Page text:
Salt Lake County commissioners used their monthly press conference Monday to state individual positions against the initiative that would remove the sales tax on food.

Commission Chairman Mike Stewart, who returned Sunday from a National Governors Association conference, also blasted the proposed federal budget for the coming year because of a provision that would eliminate the deductibility of state and local income taxes."There is deep frustration across this land that, in fact, you're pillaging the village that makes the American intergovernmental fabric work," he said of the proposed elimination of state and local tax deductions, which he characterized as the average taxpayer's most valuable tax shelter.

Stewart went on to say the federal budget is moving further and further away from local revenue sharing and predicted the deduction for local property taxes will soon be threatened if the deduction-elimination trend continues.

On the state ballot issue, Commissioner Bart Barker said the commission as a body would not take a position for or against the proposal to remove the sales tax on food, just as it did not take a position on the 1988 tax limitation initiatives even though each commission member took a personal stand against the initiatives.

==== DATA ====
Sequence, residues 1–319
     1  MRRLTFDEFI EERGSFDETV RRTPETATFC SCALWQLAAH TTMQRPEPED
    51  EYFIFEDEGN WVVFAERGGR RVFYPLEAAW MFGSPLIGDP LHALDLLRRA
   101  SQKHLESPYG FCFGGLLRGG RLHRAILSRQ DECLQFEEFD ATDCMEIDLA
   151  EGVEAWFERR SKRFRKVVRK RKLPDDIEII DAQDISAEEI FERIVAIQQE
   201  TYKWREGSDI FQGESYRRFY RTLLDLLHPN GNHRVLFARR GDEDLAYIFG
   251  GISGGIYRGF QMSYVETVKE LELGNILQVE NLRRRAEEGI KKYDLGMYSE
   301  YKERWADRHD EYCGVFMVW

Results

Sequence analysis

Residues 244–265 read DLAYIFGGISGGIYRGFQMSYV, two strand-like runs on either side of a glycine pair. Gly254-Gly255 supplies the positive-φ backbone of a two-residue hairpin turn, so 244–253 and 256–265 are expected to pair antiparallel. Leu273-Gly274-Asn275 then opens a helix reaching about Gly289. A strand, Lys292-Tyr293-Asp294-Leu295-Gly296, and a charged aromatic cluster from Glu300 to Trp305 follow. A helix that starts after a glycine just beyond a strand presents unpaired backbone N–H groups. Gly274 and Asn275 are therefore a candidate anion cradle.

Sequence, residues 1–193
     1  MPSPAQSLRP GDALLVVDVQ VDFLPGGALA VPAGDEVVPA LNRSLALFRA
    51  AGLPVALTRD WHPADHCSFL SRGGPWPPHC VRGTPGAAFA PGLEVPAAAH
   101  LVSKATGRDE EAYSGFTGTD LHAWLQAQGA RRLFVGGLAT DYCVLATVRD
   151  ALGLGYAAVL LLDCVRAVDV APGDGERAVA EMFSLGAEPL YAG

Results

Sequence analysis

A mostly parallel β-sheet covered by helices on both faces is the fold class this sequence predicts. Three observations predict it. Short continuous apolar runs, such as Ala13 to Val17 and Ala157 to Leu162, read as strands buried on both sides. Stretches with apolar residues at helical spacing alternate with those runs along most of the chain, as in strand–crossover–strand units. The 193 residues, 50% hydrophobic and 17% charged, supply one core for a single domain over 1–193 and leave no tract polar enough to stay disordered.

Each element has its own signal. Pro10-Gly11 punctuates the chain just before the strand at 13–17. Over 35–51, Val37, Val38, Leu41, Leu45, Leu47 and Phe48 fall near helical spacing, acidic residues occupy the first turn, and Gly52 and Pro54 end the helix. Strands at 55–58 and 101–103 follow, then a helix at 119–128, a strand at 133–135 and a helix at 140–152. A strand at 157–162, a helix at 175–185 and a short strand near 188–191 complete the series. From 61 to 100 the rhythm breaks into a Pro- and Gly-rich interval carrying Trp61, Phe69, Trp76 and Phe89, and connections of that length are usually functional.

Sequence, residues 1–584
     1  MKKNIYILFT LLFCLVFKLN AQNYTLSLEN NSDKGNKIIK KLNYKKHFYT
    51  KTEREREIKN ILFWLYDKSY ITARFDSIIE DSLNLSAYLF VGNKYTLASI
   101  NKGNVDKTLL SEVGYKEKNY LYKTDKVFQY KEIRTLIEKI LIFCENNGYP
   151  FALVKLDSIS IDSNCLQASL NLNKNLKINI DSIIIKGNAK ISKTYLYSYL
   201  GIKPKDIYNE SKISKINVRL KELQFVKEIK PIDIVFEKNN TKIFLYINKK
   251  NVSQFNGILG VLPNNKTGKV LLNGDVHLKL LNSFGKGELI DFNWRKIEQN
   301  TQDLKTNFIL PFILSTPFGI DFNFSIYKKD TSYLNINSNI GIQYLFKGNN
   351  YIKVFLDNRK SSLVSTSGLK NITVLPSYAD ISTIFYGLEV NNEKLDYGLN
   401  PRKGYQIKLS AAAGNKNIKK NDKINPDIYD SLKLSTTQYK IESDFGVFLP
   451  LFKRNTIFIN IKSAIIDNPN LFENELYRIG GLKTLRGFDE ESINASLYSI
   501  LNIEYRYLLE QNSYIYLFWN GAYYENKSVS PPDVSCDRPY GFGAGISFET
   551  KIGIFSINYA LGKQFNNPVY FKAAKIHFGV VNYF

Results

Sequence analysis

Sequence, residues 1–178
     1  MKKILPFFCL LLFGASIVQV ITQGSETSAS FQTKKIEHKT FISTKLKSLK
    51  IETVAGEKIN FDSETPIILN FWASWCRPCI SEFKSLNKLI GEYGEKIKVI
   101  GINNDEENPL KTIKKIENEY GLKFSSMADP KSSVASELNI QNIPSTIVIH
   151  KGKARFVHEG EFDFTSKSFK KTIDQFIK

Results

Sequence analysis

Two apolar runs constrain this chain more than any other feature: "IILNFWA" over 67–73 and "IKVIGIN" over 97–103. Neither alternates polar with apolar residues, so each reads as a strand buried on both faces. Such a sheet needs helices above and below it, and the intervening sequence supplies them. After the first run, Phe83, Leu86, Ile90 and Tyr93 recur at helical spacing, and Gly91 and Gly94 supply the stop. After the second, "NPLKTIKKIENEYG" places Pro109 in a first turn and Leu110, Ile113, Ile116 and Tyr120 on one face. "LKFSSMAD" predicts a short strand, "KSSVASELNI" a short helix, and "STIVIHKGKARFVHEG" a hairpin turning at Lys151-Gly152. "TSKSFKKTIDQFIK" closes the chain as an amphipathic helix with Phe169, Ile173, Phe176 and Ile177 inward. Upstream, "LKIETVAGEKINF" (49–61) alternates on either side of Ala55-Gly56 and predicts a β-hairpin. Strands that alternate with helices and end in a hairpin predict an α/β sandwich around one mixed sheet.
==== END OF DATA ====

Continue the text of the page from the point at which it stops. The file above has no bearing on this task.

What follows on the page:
Salt Lake City and West Valley City, the two largest municipalities in the state, have had to raise taxes this year to pay for additional law enforcement officers, said Commissioner Tom Shimizu. Losing the sales tax on food would cost the county's municipal services budget $2.4 million in the first year, and most of that reduction would either have to be made up through a property tax increase or by cutting services in the sheriff's patrol, fire department or highway department, he said.

Stewart said the county would not raise taxes to deal with the loss of sales tax revenues, if the initiative on the November ballot passes, but said the taxes may have to be raised "for other things."

"We do know there will be a need for sales taxes in the future," Barker said.

Shimizu announced that for the first time in five years the fire department will buy two new trucks to bolster an aging fleet of equipment. Commissioners approved a year-end budget adjustment of up to $275,000 to buy the new pumper engine and 2,500 gallon water tanker. The new acquisitions will allow the department to put two older trucks in the reserve fleet, which will help keep fire crews equipped when trucks are taken out of service for maintenance.

Also at the press conference, Barker said women are underrepresented among the county's 1,246 volunteers who serve on 97 county policy and advisory boards. Barker did not say how many women currently serve but said the county is "looking for a few good women" to "provide an adequate balance."

Most representatives on the county boards are limited to two consecutive three-year terms, which makes for frequent turnover. The county is particularly interested in recruiting people who have other careers but want to serve even if they don't want to run for public office.